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Editorial: Right call from Bragdon; more work for LGC

That was fast. Just three days after the embattled Local Government Center announced that Peter Bragdon would be its new executive director, Bragdon announced his resignation as president of the New Hampshire Senate, rightly concluding that he could not in good conscience hold both posts simultaneously.

The Concord-based LGC operates enormous public risk pools that provide insurance coverage to municipal governments across the state. It has been engaged in a high-stakes legal battle with state regulators for years; the latest chapter is soon to be played out before the state Supreme Court. The Senate president controls the agenda of the Senate and plays a key role in setting the budgets of state agencies, including the regulators overseeing the LGC. Just last month, Bragdon named a Senate colleague to a study committee investigating the state law governing risk pools like the ones the LGC operates. Clearly the possibilities for conflicts, real and perceived, were myriad. Could the same person run the state Senate and simultaneously fight the state in court? Could the LGC’s regulators get fair treatment by Senate budget-writers? Would the risk pool study committee be able to truly work independently? Would lobbyists for the LGC or the New Hampshire Municipal Association get an extra-sympathetic ear from the Senate?

Bragdon’s brief dual roles created a roar of protests, which his resignation will quell – at least those concerning the reputation and operation of the Senate itself. But the episode raised real questions about the actions of the LGC itself, and, once again, the organization will need to work hard to restore the trust of the taxpayers whose money finances the organization.

What made Bragdon the best to lead the LGC? Was it his insurance expertise? He worked for just two years as operations manager at Comp-Sigma Limited in Concord, a third-party administrator for self-insured workers’ compensation trusts. More likely, it was his powerful political perch at the State House – for a $180,000 salary, the LGC appeared to be buying itself access to power and the hopes of better relations with state government. What exactly was the LGC board hoping to get for its money?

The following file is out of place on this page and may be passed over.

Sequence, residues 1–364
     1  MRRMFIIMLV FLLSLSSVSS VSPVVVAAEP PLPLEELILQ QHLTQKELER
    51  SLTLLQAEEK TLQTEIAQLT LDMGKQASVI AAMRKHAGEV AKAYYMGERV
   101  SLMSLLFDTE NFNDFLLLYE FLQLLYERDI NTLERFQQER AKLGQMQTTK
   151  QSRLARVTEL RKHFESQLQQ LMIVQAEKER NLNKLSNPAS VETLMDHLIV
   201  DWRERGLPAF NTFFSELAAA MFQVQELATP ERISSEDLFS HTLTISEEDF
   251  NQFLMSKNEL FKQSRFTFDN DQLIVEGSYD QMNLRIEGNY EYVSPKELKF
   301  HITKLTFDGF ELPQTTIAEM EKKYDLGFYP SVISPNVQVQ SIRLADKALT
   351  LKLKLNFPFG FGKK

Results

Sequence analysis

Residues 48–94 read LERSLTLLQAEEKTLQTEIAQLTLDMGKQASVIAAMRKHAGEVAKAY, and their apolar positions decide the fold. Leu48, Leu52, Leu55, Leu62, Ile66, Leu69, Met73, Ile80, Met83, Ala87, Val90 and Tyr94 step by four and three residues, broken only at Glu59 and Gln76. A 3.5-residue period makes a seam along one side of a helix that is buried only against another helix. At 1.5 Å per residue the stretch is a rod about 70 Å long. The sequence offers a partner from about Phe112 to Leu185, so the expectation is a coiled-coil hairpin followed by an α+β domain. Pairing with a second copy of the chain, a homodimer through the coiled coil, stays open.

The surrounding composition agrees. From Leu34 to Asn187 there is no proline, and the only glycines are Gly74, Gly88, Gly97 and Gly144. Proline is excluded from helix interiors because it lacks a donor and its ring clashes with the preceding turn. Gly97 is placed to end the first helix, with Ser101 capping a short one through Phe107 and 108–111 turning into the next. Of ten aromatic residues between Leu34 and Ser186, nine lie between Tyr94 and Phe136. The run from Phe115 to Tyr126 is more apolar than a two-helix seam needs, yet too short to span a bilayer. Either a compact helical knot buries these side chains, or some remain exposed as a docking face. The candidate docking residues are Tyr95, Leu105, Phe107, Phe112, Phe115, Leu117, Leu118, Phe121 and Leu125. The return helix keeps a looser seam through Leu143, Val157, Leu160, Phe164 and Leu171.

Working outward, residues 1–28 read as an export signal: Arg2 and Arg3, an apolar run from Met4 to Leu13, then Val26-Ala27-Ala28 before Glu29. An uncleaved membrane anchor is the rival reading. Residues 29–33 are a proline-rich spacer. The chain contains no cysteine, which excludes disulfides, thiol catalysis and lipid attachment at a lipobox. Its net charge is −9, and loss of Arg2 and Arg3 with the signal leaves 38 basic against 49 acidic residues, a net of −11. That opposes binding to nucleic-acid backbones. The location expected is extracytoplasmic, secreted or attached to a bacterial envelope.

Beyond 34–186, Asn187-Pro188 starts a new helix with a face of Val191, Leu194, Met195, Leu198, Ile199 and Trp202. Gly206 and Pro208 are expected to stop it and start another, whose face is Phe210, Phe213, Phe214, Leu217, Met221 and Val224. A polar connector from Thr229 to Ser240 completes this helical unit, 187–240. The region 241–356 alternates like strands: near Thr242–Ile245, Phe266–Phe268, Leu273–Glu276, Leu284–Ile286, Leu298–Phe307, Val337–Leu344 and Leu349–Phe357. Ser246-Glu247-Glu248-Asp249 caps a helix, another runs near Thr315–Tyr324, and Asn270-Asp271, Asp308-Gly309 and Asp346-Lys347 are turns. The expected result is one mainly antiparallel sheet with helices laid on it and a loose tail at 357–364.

The Local Government Center’s fight with the state is a complicated affair. The state Bureau of Securities Regulation accused the LGC of failing to return surplus money from its pooled risk programs to its member towns and school districts; improperly transferring assets; and improperly spending money for purposes beyond those permitted by state law. The LGC said it was building up its reserves to protect against unforeseen disaster and argued state law does not specify how much surplus is too much. It was ordered last year to refund $50 million as a result of financial mismanagement that a hearing officer called an “insult” to those municipalities.

Putting aside the merits of the state’s case, the LGC has over many, many months appeared secretive and stubborn. It has given the impression that the only problems it had to solve were matters of public relations – rather than projecting a true desire to operate with transparency and in the best interest of its members. The Bragdon affair has only underscored that perception.